I am pleased to see everyone exchanging information specifically about the topic of 1.5 vs 3T MRI machines. As an individual who works at an outpatient medical imaging clinic with a 3T MRI that we strive to use to its fullest capabilities, it is refreshing to see people talking knowledgeably about this aspect of health care.
There is no question that closed MRI will always out perform an open MRI.
Next in regards to magnet strength, there has been excellent feedback in regards to the differences not only in strength but in the software being used as well. Having a 3T with poor software and running it at maximum capacity is much like my blind grandma driving a Ferrari. It does you relatively no good.
I can tell you for certain that if you call and ask our center for information regarding the strength, software, slice thickness, difference in protocols for MS vs. seizures vs. normal brain study, etc. we would love to give you that information. It is the patients right to know and we strongly believe that.
The single largest issue preventing 3T MRI from becoming standard of care is the fact that there is no real accrediting body for medical imaging. There is the American College of Radiology (ACR), however they are still willing to give accreditation to centers that use an open 0.6T MRI; on top of this, you (and/or your insurance) are paying the exact same amount for a scan done on an open 0.6T as they are for a scan done on a 3T.
The bottom line here is that it continues to be the patients responsibility to advocate for themselves and demand the best care. Financial incentives and lack of education are the two most common reasons that a physician is not going to send you to a get the best MRI scan available. You should never have to worry about alienating a your physician when advocating for your own care. Your doctor should want the best for his or her patients, period.
after you get lied to enough times, have part of your life zapped out from under you, you'll never again give a hoot about alienating any doctor or member of the human race -- trust me or don't
>>I've had an open 1.5 MRI which indicated only microvascular disease.
i would love to comment on this but i really know i will go off in a direction that would be of no use to most people here. i'm now in counseling for it. as for your microvascular disease, fine, if that is really what the disease is, BUT, if some entity is using that to hold back other evidence that a 3T would see ... get my point?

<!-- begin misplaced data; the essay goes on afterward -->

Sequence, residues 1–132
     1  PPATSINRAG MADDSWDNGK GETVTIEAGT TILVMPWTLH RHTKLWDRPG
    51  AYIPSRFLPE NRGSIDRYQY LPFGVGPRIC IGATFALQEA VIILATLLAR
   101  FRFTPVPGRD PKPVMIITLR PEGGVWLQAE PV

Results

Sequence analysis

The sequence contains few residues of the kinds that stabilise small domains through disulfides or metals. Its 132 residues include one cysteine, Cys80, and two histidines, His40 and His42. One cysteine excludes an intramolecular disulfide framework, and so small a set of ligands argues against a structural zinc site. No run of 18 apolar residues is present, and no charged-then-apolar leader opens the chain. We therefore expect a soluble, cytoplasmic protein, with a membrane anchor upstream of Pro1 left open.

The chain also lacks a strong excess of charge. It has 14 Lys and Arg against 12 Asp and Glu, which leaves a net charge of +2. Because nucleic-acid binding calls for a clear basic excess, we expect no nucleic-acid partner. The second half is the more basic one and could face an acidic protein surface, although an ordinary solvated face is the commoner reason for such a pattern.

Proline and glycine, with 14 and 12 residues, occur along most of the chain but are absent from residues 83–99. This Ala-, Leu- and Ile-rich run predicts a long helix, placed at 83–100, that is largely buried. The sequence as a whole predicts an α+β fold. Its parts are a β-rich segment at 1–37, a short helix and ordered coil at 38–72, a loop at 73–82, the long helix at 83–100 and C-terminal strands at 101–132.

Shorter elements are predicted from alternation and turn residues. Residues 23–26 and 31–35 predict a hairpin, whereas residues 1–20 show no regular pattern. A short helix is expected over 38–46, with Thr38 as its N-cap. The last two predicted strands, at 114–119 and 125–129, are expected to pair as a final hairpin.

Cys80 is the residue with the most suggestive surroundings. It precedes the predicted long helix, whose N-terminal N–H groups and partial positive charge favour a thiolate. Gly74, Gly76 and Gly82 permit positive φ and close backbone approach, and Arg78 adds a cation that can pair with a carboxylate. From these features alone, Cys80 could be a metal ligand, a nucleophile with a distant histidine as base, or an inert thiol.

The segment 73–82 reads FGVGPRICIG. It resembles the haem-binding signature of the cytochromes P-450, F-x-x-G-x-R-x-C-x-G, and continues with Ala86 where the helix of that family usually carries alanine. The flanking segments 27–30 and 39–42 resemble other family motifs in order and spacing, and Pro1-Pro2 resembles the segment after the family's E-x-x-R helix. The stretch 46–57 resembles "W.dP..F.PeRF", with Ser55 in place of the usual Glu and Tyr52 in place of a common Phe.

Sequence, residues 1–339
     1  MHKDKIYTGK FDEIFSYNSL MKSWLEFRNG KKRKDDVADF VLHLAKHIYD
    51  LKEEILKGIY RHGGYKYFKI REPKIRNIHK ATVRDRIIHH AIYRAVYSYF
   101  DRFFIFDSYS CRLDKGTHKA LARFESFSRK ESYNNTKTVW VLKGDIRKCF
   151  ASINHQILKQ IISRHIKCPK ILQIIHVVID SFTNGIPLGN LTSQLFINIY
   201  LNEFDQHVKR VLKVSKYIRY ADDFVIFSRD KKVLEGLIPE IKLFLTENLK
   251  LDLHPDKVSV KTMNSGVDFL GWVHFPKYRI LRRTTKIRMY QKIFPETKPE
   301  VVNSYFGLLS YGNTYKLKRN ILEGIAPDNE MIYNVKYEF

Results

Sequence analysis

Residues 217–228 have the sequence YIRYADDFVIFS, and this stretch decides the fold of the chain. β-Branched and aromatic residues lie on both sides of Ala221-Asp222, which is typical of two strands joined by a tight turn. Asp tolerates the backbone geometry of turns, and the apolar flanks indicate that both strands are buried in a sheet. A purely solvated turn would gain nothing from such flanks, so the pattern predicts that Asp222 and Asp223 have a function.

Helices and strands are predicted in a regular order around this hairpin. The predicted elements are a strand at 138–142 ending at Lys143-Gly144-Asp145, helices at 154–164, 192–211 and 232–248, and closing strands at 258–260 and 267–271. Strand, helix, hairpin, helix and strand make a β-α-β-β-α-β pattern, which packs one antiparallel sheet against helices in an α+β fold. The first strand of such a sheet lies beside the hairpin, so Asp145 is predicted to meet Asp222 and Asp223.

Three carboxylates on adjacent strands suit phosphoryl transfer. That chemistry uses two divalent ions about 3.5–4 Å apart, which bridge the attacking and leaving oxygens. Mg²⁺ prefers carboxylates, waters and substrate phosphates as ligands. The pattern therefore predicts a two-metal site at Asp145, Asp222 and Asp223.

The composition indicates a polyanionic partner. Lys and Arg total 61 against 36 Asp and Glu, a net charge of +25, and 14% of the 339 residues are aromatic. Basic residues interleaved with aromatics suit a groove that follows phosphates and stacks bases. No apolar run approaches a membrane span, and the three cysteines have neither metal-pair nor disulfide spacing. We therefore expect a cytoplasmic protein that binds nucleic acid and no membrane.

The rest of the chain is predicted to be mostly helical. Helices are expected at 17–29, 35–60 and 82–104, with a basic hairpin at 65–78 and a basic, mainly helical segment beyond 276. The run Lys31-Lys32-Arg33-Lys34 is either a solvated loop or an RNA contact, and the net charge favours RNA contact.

>>Before I invest the money to have a private 3T MRI
invest the money. it is painful to do so, i'm going broke anyway so WTF, but without the objective evidence, doctors, disability people, friends, etc, will do to you as they please. even with that evidence, they still may, BUT, YOU will have the objective evidence. and with that, someone somewhere WILL take notice to help...hopefully before it is too late.
>>ask how many on this forum have had invisible lesions that then showed up on the stronger machines?
count me in. and a new lesion showed up last month. i paid myself for 3T/MS_protocol outside of VA. the VA wouldn't order new MRIs after 6 months on DMD so my non-VA neuro ordered them. you see where this is going i trust?
PDXpacs and others are so right in YOU/WE have to fight for our our well being and be our best advocate. once you get burned enough, this will become increasingly easier.
Thank you so much for offering your own knowledge and expertise. You verify what I have been telling people for many years.
The issue of the MRI software is problemsatic. How are any of us outside the radiological field going to be able to evaluate the quality of the software being used?
So, far I have just advised people to go for the
highest magnet strength
in a CLOSED MRI
using the MS MRI Protocol recommended by the Consortium of MS Centers
at what appears to be an up-to-date large scale imaging center.
If the MRI is at an independent center we might also ask what organizations contract with them - to give us an idea of what the local neurologists and hospitals think of them.
Recently we heard from an MRI tech that told us they had their own MS Protocol which used 5mm slices which were not done contiguously. This means that by definition they were missing areas of brain large enough to completely miss good-sized MS lesions.
Yes, it is very unfortunate that we must self-educate so completely as to ensure that we are even getting the proper MRIs.